Amateur fighter loses his life in “celebrity fight”

9/25/2017 4:02:49 PM
written By : Team India Se Print

Roped in as a replacement fighter in the Asia Fighting Championship (AFC) at short notice with little training, Pradip Subramanian, 32, died tragically an hour after the “celebrity fight” against YouTube personality Steven Lim.

Subramanian, president of the World Bodybuilding and Physique Sports Federation (WBPF), was brought in as a replacement for former Singapore Idol runner-up Sylvester Sim, who was initially slated to fight against Lim at the Asia Fighting Championship (AFC).  

Sim, 34 and Lim, 41, are both not professional fighters. In the weeks leading up to the fight, both said that they had been training at Muse Fitness Singapore, a local Muay Thai gym that is also one of the organisers of the AFC.

However, after Sim pulled out of the fight citing insurance issues, Subramanian was brought in as a replacement a day before the event. Subramanian, was a bodybuilder and a Muay Thai amateur who had taken up the sport about “three to five” months ago, according to his cousin, Mr Roger Rajan, 46.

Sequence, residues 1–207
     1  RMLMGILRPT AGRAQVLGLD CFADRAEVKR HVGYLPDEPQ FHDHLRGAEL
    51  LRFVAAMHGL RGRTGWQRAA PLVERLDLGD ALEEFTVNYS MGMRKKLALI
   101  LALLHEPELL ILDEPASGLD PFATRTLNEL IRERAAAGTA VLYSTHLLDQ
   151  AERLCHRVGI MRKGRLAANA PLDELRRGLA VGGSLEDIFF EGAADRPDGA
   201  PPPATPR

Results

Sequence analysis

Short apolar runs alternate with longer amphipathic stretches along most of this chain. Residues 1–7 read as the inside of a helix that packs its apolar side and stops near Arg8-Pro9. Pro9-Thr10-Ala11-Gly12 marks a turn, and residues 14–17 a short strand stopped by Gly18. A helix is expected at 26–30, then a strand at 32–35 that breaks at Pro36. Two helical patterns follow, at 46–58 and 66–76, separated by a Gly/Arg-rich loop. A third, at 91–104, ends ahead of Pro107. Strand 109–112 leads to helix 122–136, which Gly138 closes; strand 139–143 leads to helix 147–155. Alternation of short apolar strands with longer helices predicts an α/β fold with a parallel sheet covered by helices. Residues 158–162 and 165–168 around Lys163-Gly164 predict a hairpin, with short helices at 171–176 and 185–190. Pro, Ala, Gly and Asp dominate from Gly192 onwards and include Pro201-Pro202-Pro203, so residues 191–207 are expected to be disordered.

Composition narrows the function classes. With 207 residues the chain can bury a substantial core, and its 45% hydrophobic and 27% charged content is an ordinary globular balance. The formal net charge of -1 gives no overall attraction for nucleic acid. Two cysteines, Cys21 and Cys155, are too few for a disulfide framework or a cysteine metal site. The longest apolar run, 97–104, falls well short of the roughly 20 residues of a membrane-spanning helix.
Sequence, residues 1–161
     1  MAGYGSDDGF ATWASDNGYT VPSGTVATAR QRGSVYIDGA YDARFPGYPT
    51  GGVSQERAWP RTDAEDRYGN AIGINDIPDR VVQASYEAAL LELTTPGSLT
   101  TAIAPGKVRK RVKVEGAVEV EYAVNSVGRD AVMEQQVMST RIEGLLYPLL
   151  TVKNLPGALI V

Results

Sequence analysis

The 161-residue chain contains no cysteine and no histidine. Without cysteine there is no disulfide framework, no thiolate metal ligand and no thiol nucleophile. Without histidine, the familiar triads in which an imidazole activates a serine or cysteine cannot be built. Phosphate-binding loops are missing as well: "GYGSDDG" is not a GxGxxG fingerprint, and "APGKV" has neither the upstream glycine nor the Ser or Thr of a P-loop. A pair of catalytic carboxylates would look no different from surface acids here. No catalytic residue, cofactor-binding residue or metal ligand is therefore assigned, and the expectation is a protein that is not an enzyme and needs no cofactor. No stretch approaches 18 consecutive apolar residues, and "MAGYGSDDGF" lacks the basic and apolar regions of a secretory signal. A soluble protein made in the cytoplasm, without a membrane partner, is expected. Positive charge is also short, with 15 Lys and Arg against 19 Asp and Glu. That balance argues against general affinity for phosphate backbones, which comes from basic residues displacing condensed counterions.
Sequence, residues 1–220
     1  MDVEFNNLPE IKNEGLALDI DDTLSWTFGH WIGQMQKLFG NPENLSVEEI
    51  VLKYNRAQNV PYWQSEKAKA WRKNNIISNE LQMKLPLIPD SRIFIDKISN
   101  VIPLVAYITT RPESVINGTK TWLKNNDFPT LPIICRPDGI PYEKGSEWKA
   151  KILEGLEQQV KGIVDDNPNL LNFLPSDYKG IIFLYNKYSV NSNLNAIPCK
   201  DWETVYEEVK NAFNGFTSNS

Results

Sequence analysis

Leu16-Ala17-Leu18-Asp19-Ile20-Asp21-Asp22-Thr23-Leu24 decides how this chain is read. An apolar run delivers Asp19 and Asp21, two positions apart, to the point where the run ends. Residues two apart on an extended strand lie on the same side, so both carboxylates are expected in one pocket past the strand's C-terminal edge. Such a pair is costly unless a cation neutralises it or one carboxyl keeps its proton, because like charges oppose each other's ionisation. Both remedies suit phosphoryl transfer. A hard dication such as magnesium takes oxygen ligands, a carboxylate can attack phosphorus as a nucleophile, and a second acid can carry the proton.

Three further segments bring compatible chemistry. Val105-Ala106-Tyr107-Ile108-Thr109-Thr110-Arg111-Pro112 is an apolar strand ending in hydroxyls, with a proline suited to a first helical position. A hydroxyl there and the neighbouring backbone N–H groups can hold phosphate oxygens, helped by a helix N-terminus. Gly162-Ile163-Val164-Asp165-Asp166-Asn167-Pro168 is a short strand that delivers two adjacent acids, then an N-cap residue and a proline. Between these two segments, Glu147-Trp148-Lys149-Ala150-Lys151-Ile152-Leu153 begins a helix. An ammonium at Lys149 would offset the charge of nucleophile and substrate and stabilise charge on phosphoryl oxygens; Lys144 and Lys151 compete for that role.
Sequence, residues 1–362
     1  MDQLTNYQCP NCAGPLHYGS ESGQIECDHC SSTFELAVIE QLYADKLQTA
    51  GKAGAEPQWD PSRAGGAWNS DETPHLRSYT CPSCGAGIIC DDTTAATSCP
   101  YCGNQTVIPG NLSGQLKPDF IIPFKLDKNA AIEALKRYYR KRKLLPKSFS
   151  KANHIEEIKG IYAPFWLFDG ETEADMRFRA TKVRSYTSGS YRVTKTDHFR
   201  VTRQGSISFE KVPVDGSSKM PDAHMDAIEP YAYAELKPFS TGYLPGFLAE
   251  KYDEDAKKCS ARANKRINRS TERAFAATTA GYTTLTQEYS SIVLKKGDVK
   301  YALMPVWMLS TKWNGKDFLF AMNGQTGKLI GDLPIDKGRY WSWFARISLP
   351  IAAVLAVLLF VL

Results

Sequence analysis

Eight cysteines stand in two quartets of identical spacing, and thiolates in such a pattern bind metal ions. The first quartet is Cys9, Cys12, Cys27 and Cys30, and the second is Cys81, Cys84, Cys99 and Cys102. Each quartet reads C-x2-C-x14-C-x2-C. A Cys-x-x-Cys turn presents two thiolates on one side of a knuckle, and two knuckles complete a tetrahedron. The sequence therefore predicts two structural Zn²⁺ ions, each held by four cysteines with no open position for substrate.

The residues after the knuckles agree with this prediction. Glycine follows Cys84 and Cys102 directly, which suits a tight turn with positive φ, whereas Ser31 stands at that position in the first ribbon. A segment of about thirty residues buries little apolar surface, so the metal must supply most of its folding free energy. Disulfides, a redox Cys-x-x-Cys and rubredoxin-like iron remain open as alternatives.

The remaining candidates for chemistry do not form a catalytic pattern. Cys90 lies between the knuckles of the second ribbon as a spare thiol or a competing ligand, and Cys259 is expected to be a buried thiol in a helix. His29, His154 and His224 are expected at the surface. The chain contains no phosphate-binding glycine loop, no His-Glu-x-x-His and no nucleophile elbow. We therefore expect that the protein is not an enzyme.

Lim dealt Subramanian several blows to his head before the referee ended the match and declared the former as winner by technical knockout. According to reports, Subramanian later lost consciousness and had to be helped out of the ring. He was later taken to Singapore General Hospital (SGH), where he died of cardiac arrest and respiratory failure according to a preliminary medical report released by SGH.

Since the incident, questions have arisen about the safety protocols and preparation in place for the event.

According to TODAYonline, specialist sports physician Patrick Goh said that Subramaniam had a short amount of time to prepare adequately for the fight, and that conditioning required “between six months to a year”. Not having enough time to prepare could have led to him not being equipped with necessary skills such as knowing how to defend himself.

AFC founder and Chief Executive Officer Sasidharan Unnithan, 38, claimed that the event followed safety protocols set by World Muaythai Council (WMC), the event’s sanctioning body. Fighters were certified fit by a medical team in accordance with guidelines laid out by the WMC, he added.

 

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